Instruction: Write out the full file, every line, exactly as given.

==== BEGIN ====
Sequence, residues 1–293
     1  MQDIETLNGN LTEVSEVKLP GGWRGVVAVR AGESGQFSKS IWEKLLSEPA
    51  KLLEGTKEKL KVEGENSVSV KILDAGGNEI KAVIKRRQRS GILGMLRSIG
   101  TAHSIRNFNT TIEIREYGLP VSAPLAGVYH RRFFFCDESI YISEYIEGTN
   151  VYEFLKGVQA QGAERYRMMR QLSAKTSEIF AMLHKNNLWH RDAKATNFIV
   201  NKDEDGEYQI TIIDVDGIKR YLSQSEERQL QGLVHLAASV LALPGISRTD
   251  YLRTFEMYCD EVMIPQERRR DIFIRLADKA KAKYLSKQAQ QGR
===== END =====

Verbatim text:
Sequence, residues 1–293
     1  MQDIETLNGN LTEVSEVKLP GGWRGVVAVR AGESGQFSKS IWEKLLSEPA
    51  KLLEGTKEKL KVEGENSVSV KILDAGGNEI KAVIKRRQRS GILGMLRSIG
   101  TAHSIRNFNT TIEIREYGLP VSAPLAGVYH RRFFFCDESI YISEYIEGTN
   151  VYEFLKGVQA QGAERYRMMR QLSAKTSEIF AMLHKNNLWH RDAKATNFIV
   201  NKDEDGEYQI TIIDVDGIKR YLSQSEERQL QGLVHLAASV LALPGISRTD
   251  YLRTFEMYCD EVMIPQERRR DIFIRLADKA KAKYLSKQAQ QGR